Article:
Thursday at the KPMG Women’s PGA Championship was a snapshot of the first half of the LPGA season, with so much talent at the top it was difficult for any one star to shine brighter than the others. Then Sung Hyun Park, whose victory in the 2017 U.S. Women’s Open was a springboard to Rolex Rookie of the Year and co-Player of the Year honors, shouted loudly that she just might be that transcendent star. And Brooke Henderson answered just as loudly: Not so fast.
In a year in which 11 of the 16 different winners have been major champions, the first round of the KPMG was dominated by players seeking their first major title. But when the mud settled on a rain-soaked Kemper Lakes Golf Club, Park was on top at 6-under-par 66, one stroke ahead of Jessica Korda, Jaye Marie Green, Brittany Altomare and Henderson, the 2016 champion of this event, who was two over par after eight holes and then birdied seven of her final 10.
At 68 are Charley Hull, Laetitia Beck, Moriya Jutanugarn and Maude-Aimee Leblanc. Three back at 69 are Minjee Lee, Alena Sharp, So Yeon Ryu, a two-time major champion, 19-year-old Nasa Hataoka, who won the Walmart last week, and Amy Olson. Of the 14 players who broke 70, only Park, Henderson and Ryu have a major on their resume.
Park, whose sweet swing generates enormous power with a spring-like hip turn, was flawless, making six birdies and no bogeys. And, as in last year’s Women’s Open, Park had ice water in her veins when she needed it most, making a birdie on No. 15 and then running the gauntlet – the name given to the treacherous three closing holes – in all pars.
“As the score says, it went pretty well, and I really liked how it felt when I did that,” Park said. “The course was pretty wet today, but I felt pretty comfortable, and I know that it's going to be hotter and difficult as the round goes. Of course it's a major tournament and I'm getting more nervous, but I'm doing my best.”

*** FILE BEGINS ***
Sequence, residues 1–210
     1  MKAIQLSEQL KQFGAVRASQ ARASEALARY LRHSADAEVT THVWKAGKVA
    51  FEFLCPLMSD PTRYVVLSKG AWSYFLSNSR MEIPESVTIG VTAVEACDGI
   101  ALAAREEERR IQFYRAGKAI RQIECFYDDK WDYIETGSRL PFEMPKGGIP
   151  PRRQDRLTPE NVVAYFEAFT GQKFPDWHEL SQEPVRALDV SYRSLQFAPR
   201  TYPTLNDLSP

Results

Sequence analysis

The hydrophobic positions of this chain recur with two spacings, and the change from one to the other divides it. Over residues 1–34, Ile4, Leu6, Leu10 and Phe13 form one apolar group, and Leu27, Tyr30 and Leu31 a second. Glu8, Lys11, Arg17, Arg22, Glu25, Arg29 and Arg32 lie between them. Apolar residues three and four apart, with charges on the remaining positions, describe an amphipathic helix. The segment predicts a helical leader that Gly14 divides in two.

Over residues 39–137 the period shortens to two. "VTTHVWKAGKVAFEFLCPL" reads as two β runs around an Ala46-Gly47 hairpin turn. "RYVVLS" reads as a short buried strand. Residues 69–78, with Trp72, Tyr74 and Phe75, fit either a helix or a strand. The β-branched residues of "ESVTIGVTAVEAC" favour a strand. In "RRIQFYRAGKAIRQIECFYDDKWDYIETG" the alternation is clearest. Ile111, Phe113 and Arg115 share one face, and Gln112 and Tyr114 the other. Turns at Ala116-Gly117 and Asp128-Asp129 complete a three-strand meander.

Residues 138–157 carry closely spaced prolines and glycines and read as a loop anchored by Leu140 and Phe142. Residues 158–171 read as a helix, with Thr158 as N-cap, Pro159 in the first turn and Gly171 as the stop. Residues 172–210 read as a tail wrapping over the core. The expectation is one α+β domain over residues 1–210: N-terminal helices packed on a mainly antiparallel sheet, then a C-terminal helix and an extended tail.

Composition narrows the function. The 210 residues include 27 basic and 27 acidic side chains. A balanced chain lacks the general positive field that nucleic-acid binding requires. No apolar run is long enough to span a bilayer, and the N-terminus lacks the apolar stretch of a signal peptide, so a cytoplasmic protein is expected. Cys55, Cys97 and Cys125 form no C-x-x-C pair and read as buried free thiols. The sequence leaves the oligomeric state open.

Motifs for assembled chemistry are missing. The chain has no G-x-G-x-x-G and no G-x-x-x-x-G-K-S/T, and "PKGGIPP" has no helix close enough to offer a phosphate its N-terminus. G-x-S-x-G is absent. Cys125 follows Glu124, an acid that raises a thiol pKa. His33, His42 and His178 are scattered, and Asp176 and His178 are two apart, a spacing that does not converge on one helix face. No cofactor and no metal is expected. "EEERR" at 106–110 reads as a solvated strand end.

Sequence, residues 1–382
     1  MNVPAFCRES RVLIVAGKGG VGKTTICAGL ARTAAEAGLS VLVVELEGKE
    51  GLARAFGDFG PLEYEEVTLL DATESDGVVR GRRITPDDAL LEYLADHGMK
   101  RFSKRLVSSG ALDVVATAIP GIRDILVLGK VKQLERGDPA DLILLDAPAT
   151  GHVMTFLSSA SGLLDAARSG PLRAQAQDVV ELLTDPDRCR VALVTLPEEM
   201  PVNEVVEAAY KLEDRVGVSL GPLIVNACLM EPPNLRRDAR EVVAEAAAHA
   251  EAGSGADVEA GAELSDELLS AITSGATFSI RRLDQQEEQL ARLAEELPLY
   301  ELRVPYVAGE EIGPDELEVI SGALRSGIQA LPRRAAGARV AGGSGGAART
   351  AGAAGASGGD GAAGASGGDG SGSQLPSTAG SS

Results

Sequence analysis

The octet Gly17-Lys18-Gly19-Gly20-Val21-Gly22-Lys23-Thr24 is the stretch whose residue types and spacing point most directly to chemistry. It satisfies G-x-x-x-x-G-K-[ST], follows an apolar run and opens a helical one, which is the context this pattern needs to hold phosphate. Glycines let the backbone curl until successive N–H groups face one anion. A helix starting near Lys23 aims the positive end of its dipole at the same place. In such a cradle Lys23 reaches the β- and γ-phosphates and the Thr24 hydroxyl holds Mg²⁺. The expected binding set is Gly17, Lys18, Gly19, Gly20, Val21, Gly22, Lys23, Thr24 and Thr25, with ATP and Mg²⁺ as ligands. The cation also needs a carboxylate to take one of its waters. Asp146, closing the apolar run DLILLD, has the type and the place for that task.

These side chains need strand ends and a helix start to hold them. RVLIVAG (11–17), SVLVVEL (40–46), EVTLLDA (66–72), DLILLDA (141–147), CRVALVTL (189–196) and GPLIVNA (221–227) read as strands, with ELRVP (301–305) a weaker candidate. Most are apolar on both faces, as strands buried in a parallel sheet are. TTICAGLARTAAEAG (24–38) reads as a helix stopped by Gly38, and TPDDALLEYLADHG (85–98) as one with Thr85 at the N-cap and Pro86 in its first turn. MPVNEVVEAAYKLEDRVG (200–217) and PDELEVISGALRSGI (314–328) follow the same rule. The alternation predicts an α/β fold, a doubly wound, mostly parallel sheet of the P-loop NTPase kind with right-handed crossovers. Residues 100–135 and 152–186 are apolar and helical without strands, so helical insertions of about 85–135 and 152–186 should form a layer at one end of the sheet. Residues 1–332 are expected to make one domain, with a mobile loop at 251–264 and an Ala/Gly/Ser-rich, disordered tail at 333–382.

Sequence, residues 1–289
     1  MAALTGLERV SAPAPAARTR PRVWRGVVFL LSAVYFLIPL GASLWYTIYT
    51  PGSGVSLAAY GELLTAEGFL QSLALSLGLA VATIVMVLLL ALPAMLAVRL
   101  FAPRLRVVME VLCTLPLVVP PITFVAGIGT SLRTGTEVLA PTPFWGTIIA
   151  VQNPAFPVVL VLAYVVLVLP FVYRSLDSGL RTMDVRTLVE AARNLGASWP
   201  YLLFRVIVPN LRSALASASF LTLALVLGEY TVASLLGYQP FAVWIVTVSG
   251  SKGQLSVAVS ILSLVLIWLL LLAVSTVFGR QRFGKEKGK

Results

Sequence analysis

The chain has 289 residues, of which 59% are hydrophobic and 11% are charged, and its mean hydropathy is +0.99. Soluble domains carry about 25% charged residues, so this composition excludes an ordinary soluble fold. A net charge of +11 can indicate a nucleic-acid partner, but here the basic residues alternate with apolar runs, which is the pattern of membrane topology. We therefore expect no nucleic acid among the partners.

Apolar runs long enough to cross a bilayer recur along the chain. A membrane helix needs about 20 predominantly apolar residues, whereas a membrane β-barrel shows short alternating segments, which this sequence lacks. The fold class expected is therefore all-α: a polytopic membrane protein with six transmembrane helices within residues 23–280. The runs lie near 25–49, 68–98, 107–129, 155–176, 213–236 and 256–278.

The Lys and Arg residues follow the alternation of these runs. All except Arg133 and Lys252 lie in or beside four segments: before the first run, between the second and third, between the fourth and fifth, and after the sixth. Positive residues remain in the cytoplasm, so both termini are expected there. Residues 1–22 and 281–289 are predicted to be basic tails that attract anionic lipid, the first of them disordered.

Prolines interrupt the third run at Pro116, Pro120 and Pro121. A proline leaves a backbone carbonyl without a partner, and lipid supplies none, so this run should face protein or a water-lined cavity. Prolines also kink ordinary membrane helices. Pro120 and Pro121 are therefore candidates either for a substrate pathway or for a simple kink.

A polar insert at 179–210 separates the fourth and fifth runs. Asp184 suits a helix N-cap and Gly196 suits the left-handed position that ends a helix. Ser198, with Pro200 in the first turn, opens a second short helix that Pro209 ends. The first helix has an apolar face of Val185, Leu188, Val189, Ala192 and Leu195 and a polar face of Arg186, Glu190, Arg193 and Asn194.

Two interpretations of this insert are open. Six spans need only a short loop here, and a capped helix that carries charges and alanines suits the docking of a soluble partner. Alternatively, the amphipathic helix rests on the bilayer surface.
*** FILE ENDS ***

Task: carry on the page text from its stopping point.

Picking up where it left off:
Park, who won a rain-shortened 36-hole event in Texas earlier this year, has not been satisfied with her play in 2018 but thinks she has things figured out. “I felt like something little was missing, especially my putting, but this week I feel pretty comfortable and confident,” she said. “I changed my putter, and I made some change in the putting routine.”
Henderson, 20, won her sixth LPGA title at the Lotte Championship in April. She also changed putters, her switch coming on Monday at the CVS Charity event in Rhode Island, and she needed the new flatstick only 25 times in the opening round.
“My front nine was a little bit rough, but I was happy to get a lot of birdies on the back nine and get myself back into it,” Henderson said after going out in 37 and back in 30. “It was a lot of fun. I just feel like I was hitting the ball great and making a lot of putts, so hopefully waking up early tomorrow morning and getting the next round started, it'll carry on.”
Korda, who has five LPGA wins but has struggled in the majors with only three top-10 finishes, including T-4 this year at the ANA Inspiration, and 16 missed cuts, hit only 11 greens but used her putter only 24 times. Like Park and Green, Korda benefitted from the set-up of the course and wet conditions. Park is fourth on tour in driving distance while Korda is eighth and Green No. 20.
“Finally a golf course that benefits the long hitters,” said Korda. “The last couple weeks it's definitely been a lot of 3-woods or even 4-irons off the tees, so this is really, really nice. It was wet out there, so managing each shot was tough and trying to take some spin off of some wedges that I had coming in. But I love the way that they set up the golf course. I could finally hit drivers.”
Green, a fifth-year LPGA member from Boca Raton, Fla., whose best finish in a major is T-26 in the 2015 U.S. Women’s Open, sang a refrain familiar to everyone trying to get into the LPGA winner’s circle.
“These girls out here are so good that you have to like keep the pedal down,” she said. “You can't shoot 5-under, and then if you shoot even tomorrow you're going to get passed by everyone. So it's kind of learning how to keep coming back the next day and trying to do the same thing, which I think is something you only learn by being in position.”
On Friday, the temperature is supposed to rise above 95. Kemper Lakes will dry out and the pressure of playing a major championship will amp up. The stage is set; now we see who is ready to give her best performance.